8. Avoid carrying a Social Security card or SS number in your wallet. This includes military ID cards, employee IDs, college identification cards with student ID numbers, health insurance cards, or prescription drug iD cards. Anytime an SS# is used, don’t carry the original. Instead, carry a copy in which you black out the social security number.
  9. When asked to reveal personal information, don’t be afraid to say no. Always think about how this information could be used against you.
  10. Only print your drivers license number or social security number on a personal check when it’s required. Don’t do this as a matter of course.
  11. Limit how many credit cards you keep in your purse or wallet.
  12. Avoid carrying your checkbook around, unless you plan on using it.
  13. When you’re required to submit a receipt to your employer or a charitable organization you work for/with, always cross out with a Sharpie or a Magic Marker your bank account information or credit card number. These people don’t need that information, but you give them what they do need.
  14. If you fill out letters, notes, or postcards to mail in envelopes to an organizational headquarters, be careful about sensitive information placed therein. This includes mailing in information to companies for warranties, rebates, contests, sweepstakes, and raffles. You have no idea who sees this information, so be careful who you give it out to.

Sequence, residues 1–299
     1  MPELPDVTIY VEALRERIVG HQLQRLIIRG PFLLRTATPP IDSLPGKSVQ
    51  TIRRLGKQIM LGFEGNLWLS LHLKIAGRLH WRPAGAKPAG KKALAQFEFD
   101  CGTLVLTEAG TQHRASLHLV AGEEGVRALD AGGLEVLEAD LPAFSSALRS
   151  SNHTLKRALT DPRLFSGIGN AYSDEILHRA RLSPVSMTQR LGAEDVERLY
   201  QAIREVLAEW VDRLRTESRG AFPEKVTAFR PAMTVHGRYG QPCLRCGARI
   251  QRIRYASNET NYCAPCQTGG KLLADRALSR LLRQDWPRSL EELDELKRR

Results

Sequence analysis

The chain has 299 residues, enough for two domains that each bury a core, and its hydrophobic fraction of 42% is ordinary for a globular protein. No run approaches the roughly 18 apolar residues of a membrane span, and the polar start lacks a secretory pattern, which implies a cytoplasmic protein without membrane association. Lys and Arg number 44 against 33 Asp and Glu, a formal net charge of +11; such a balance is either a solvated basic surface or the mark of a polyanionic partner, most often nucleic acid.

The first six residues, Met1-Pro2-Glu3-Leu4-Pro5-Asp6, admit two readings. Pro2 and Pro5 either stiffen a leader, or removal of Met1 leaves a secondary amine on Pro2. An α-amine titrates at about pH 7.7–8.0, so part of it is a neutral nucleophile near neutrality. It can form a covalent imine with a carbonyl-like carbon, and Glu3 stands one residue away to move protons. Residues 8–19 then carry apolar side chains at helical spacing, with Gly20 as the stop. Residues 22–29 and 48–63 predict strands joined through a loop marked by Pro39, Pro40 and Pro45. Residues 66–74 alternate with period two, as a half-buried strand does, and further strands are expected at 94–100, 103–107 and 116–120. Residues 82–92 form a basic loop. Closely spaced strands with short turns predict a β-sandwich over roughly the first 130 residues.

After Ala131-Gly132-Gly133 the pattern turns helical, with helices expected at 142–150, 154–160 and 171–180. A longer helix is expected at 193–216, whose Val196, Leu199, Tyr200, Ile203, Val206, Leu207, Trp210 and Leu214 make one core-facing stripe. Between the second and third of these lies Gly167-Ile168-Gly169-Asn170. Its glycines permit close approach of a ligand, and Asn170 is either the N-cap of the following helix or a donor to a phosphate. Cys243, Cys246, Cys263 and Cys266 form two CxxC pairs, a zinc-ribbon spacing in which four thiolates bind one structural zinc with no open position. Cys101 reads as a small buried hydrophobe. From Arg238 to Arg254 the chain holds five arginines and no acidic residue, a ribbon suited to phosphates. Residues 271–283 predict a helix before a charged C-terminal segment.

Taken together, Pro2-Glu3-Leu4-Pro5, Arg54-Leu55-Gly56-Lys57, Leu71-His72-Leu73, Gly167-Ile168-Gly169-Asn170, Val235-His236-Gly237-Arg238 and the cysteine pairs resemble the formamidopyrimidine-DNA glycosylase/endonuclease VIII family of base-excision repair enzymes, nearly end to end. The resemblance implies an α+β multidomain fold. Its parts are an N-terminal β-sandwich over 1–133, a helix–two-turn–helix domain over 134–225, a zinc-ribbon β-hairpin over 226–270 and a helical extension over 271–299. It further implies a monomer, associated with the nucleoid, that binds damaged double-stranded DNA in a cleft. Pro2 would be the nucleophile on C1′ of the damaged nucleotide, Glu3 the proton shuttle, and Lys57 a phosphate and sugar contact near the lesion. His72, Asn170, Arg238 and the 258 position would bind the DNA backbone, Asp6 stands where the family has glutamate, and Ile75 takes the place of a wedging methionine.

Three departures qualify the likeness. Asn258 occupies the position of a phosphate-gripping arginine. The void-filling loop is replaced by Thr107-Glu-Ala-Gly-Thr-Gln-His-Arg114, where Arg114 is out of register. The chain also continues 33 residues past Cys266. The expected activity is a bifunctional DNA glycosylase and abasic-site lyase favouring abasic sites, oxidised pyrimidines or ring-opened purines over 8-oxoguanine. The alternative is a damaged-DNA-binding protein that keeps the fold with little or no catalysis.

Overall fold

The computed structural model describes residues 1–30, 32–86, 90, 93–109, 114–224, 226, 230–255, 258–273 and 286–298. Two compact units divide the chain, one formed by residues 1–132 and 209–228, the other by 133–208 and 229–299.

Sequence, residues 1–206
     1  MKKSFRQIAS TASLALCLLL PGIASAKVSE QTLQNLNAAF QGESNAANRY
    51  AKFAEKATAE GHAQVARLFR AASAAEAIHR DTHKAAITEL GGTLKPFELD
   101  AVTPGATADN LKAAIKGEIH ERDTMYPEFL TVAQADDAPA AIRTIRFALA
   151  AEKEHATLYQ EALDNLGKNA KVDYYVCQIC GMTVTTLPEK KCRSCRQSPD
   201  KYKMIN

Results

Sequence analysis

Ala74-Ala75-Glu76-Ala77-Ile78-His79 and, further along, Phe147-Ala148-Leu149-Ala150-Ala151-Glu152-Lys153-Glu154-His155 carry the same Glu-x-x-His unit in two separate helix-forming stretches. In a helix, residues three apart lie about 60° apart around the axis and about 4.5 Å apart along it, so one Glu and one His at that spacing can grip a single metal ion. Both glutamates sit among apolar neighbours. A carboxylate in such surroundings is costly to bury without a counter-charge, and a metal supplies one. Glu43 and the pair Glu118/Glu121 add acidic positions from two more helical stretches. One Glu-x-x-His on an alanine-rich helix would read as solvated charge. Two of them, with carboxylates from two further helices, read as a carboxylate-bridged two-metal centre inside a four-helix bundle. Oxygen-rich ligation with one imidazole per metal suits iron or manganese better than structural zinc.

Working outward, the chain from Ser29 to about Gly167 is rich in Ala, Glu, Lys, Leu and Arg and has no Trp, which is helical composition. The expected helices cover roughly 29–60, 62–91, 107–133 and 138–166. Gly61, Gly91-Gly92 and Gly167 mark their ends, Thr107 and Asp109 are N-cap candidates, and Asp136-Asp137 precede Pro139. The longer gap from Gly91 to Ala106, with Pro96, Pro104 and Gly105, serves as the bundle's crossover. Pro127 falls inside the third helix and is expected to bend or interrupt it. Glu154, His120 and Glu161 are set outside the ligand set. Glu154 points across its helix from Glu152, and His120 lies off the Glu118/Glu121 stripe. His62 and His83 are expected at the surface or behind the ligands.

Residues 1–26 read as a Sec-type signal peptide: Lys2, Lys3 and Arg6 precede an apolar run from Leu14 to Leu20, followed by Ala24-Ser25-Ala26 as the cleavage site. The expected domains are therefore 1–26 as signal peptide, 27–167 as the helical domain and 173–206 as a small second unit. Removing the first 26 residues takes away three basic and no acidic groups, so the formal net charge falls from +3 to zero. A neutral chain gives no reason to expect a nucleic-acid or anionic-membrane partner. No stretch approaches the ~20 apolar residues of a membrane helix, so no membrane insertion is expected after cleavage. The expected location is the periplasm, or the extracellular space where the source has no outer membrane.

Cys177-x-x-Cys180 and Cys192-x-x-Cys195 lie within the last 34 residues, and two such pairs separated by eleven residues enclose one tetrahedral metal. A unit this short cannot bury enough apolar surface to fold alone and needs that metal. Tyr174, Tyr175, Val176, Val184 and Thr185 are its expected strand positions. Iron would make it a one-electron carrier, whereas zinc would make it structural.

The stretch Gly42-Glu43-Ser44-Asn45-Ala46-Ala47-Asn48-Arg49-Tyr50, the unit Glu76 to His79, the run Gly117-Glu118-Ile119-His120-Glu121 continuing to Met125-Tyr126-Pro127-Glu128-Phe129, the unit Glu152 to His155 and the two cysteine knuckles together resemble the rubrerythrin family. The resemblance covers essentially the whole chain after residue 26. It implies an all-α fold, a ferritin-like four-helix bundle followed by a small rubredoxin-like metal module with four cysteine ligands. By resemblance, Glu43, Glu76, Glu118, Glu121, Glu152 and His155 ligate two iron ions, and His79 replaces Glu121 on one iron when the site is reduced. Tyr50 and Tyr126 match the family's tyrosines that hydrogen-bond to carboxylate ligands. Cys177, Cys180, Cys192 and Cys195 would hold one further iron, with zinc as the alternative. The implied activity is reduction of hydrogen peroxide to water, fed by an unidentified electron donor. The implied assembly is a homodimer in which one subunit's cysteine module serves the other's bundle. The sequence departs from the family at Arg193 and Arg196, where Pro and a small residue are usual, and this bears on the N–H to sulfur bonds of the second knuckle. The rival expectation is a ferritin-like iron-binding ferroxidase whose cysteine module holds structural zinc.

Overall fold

15. Place outgoing mail in a secured collection box at the post office or in parking lots. Don’t put your outgoing letters and bill payments in unsecured home boxes or rural route boxes. I have a friend who lives out in the country who I’ve seen do the latter. I tell him it’s a bad idea, but he assumes his town is safe. Never assume such things.
  16. Review bank statements when they arrive and reconcile the balance sheet which your expenditures to make sure nothing is fishy. Do the same with brokerage reports. I know it’s hard sometimes to face economic truths when debt is a problem, but avoiding the bank statement is no way to handle your credit problems. Check, so your debt situation doesn’t get worse through identity theft.